Peg games– pegging pegs is great for fine motor development. Just simple pegs you use to hang up your washing and a few boxes or baskets that they can peg them on and off or mini washing lines between two things also works.

Mark making– children like exploring making marks so any crayons etc and paper or sticks on the ground- anything that makes marks. Chalks can also be attached to toy cars to draw as the cars move.

Throwing– my little boy has always loved throwing.. anything and everything.. so we try and think of things that would work for this inside to keep most of our house intact! We have found the following things work well

  • A bin/ tub and some of the plastic ball pit balls to throw
  • Different sized boxes to aim at or throw into (You can make it harder by just cutting a hole in boxes rather than having them open)
  • Scrunched up newspaper to throw
  • Balloon bouncing- blow up some balloons and bounce them to your little one- bouncing them around the room can be great fun!
  • Beanbags, if you have any.. you can easily make some if not!
  • Targets to throw at – drawn on paper and stuck on the wall or boxes on their end stacked up (and stuck together)

Indoor obstacle course– you could have cushions to jump and roll on, chairs to crawl through, boxes to climb in and out of and tables to climb under. These all help to develop your little one’s physical skills.

Stacking on a plunger– use a plunger and cut up a cardboard roll (ie toilet roll) into rings for stacking onto the plunger. You could also use a kitchen paper towel holder.

Cup stacking– using IKEA style plastic cups, how tall a stack can your child make? They enjoy knocking them over too!

Dropping lentils/beans– have a plastic bottle and drop lentils/ peas into it- great for little ones to try and pick up- make sure this is supervised carefully.

Threading– pasta tubes/ cereal hoops onto uncooked spaghetti (stand the spaghetti up in play dough to allow stacking- make a row of 4 pieces so children can drop the hoops onto them.)

Bubble blowing– blowing bubbles that walking little ones can run to catch and younger babies can reach for, are always a good option and you can make your own bubble solution at home and use things such as string to make bubbles from.

Large bubbles– use 6 cups of water, 1 of fairy liquid and 1 teaspoon of glycerine (if you have it) and then make a circle with a piece of string.. dip and move around to make big bubbles.

Mini sandpituse a large box and fill it with sand. Add some sand toys (or other things that can be used ie toy cars, combs, kitchen spoons etc) and you have your own mini indoor sandpit that you can pop the lid on and put away when you have finished.

Water painting– a favourite with many of our little ones, a range of paintbrushes- we often use adult decorating paint brushes as they are much thicker and work different muscles, and a pot of water. They can then make marks on any surface- we usually do this one outside on floors, walls etc.

Washing things with bubbles and sponges/cloths- washing toy cars/ washing babies- in an old baby bath/ in a washing up bowl or in large oven trays.



Online Play/ Groups/ Activities


If you are on Facebook there are lots of wonderful people putting on groups, ideas and videos for you to do with your little ones. These are just some of those out there.

MamaTribe– this group has some online sessions every day for a range of ages.

Social Distance Tots– free baby/ toddler group every weekday 10.30am

Dancin’ Tots– music and online regular sessions

Dramatots-a regular drama linked live video for little ones… a new theme each time! Previous ones are on Youtube.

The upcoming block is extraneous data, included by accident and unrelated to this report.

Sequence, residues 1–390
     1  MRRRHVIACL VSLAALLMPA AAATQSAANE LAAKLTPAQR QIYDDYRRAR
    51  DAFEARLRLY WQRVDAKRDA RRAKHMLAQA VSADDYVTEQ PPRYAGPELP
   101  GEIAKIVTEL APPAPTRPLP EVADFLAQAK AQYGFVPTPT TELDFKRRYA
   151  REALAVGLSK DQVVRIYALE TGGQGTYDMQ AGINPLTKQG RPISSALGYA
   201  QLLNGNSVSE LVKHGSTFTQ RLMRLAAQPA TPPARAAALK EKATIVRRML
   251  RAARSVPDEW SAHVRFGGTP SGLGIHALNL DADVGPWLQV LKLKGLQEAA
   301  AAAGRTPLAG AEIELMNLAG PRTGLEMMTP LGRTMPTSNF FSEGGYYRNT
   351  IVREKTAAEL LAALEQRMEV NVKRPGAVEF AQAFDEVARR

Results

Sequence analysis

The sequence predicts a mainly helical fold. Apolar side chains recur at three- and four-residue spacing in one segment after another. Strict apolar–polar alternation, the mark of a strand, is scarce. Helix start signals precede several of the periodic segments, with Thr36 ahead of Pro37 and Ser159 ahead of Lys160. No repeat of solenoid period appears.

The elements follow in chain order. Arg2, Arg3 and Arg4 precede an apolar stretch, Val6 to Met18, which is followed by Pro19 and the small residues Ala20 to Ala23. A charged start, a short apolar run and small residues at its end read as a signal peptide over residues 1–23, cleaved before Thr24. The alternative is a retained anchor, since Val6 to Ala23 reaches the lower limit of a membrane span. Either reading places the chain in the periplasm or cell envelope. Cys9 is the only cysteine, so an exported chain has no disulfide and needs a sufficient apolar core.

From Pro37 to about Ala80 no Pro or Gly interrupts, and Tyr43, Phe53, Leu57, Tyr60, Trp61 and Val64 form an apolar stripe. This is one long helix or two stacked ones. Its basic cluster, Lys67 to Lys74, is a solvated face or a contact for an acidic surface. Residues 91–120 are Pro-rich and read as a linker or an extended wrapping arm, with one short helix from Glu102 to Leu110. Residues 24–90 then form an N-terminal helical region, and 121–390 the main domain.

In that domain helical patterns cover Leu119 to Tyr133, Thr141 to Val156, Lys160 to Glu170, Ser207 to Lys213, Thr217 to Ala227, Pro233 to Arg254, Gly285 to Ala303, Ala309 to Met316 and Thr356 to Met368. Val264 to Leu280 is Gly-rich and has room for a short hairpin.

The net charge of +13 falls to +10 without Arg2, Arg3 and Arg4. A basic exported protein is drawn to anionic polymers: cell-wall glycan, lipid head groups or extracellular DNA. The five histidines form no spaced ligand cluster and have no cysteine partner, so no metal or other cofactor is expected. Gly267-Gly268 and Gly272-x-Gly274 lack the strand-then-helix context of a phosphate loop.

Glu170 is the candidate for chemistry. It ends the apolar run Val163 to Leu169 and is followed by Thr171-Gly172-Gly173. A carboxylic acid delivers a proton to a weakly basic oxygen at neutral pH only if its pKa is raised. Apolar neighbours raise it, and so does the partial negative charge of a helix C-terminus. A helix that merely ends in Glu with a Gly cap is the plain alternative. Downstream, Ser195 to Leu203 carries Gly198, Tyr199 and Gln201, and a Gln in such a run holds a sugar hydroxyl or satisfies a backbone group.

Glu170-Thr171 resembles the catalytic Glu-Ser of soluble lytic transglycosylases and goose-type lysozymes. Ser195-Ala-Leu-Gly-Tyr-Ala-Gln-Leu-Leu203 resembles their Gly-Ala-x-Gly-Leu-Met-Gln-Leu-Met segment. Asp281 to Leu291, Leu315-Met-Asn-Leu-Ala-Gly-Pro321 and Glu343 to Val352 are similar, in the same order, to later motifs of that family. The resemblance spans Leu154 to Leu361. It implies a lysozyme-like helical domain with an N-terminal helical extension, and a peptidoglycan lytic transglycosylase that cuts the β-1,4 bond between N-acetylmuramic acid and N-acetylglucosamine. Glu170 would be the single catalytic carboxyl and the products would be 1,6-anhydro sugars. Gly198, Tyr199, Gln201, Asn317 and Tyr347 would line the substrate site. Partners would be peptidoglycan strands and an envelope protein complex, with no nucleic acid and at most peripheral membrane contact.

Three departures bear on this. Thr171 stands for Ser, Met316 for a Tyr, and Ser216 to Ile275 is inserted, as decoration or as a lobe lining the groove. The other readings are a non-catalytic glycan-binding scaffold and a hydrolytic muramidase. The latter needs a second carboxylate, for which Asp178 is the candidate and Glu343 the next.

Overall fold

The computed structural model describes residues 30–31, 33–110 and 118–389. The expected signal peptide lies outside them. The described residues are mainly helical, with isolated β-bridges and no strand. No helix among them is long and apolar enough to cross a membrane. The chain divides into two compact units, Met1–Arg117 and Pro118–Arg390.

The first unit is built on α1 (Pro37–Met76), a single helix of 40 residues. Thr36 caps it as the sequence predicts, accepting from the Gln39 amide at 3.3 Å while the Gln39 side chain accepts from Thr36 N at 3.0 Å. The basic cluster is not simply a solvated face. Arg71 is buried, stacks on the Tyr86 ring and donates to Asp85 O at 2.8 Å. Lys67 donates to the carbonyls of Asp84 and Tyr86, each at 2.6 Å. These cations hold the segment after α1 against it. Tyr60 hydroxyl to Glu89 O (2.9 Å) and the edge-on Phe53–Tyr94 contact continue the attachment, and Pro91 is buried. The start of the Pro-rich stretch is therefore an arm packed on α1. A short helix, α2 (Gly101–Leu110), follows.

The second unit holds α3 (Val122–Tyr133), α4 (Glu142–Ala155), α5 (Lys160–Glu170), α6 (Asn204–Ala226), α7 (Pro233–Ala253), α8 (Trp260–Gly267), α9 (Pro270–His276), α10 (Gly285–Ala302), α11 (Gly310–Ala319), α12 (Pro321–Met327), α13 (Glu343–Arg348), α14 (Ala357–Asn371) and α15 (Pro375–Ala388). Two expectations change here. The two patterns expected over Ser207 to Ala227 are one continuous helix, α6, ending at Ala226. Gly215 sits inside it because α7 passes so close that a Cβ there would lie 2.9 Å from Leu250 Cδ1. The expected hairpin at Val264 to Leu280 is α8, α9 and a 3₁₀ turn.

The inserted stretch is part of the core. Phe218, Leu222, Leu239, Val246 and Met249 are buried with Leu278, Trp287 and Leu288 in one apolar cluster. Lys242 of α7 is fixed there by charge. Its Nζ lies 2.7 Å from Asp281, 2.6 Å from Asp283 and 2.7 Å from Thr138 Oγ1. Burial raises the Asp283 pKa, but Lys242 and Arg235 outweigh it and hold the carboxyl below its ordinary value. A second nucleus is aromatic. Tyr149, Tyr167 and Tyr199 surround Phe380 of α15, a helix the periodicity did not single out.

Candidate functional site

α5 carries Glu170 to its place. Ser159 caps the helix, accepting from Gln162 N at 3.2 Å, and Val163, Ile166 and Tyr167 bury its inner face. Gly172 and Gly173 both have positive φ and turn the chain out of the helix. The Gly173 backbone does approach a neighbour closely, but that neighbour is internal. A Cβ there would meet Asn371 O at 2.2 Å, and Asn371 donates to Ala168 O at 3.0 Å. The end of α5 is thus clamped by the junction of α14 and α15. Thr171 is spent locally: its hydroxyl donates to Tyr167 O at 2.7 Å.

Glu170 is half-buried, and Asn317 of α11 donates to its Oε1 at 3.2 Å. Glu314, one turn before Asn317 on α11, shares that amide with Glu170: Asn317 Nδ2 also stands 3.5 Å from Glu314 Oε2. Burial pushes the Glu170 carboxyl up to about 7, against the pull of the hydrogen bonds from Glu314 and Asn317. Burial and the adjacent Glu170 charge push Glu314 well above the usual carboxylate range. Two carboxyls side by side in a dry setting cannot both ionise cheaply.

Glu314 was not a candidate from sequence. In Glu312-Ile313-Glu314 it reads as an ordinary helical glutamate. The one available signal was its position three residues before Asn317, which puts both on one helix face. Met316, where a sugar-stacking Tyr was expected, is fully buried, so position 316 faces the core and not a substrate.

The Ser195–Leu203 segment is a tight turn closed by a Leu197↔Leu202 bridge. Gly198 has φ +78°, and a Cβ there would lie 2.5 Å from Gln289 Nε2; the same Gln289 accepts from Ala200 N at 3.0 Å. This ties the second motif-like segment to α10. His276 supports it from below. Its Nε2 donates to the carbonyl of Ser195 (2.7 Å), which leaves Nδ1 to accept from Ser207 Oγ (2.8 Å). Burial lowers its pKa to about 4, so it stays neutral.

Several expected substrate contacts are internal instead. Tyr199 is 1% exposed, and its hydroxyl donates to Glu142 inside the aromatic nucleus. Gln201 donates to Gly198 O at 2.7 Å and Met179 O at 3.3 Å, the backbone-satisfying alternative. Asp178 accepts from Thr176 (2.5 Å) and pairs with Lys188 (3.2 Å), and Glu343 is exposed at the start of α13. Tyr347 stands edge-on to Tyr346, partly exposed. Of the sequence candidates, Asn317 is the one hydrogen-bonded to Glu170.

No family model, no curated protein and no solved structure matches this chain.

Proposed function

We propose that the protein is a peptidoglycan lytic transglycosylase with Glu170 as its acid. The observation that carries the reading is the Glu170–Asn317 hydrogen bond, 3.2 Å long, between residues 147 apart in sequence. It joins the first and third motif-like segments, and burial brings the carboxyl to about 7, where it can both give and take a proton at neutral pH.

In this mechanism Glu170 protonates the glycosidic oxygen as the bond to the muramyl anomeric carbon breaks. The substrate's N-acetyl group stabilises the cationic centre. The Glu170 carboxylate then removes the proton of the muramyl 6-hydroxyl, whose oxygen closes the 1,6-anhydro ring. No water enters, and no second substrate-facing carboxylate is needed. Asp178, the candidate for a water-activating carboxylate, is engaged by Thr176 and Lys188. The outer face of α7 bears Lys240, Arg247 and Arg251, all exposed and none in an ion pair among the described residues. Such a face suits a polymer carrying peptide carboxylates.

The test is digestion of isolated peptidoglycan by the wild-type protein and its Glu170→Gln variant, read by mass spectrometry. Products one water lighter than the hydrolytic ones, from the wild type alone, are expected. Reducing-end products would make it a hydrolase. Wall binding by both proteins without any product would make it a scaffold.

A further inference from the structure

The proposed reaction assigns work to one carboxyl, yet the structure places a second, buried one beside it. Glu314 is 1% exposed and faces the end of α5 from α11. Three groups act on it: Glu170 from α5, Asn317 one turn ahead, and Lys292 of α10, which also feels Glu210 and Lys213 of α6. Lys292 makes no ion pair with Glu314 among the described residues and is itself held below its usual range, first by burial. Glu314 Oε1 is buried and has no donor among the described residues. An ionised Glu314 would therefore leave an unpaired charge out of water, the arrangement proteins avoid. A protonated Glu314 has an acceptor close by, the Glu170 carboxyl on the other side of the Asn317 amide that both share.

At Home with Tots Facebook Group

CaptainfantasticKids– online toddler group at 10 every week day.

Play-Hooray videos at 10am daily (some aimed at younger children)

Fanfare Music– online music se ssion at 10 daily

Boogie Mites– free online music and movement classes for under 5s.

Keep checking the groups, there are more every day- these are just some we have used.

You Tube

The Learning Station- has lots of movement and action games/songs

Lil’ Pacs- Lincoln’s LPAC toddler group is recorded online!

Baby Yoga (lots of different videos)

Baby Massage (lots of different videos)

Baby disco dancing (again lots of videos to choose from)

Baby Bum- nursery rhymes with videos

Jiggly Wrigglers- movement, dance and music classes.

LittleLearnersUK- daily activities (also have a facebook page)

Maggie and Rose Mini Musicians

There are many more youtube channels you could use- these are just a few I have used.


BBC Sounds-

Imagination Tree –


5 minute Mum-

Blog- some great science-based learning play ideas. free resources, blogs and ideas.

There are many more websites with more ideas out there- these are just a few I have used.

Instagram ideas (borrowed from 5 minute Mum)

@peachy_speech – Lisa (an SLT) has LOADS of good ideas as well as tips and advice for Speech and Language which means her games and ideas are PERFECT for toddlers just learning to speak as well as beyond.

@OTplayfortoday – Vicky is an occupational therapist with loads of brilliant play and educational ideas.

@the_play_at_home_mummas- Rosie and Emilie are wonderful and both EYFS teachers. If you’re looking for educational games they have a bucket full.

@mr_early_years1 – another Early Years specialist with lovely loose part and tray play set ups on his instagram page

@bakefulplay – Laura wrote me a blog post under guest blogs. She also has a fab website and a mail delivery baking set service. Your go to for ANY kind of baking at home with kids.

@informed.choice.parenting – Cheryl is awesome at explaining child behaviour which might come in useful when you’re finding things tough at home with the kids and want to understand more about why they might be behaving the way they are.

@thedadlab – easy science experiments to try at home with your kids. He has a book and a website too.

Also @thechildcareguru_ has a forest school book out for ideas to do in the garden or woodland and parks

@thecraftymumma – Emma wrote a fabulous five minute crafts post for me  and has LOADS of ideas on her instagram page.

@craftybearclub – also crafting wonders who are now posting ideas for kids on their grid daily.

Instagram acccounts for babies- ideas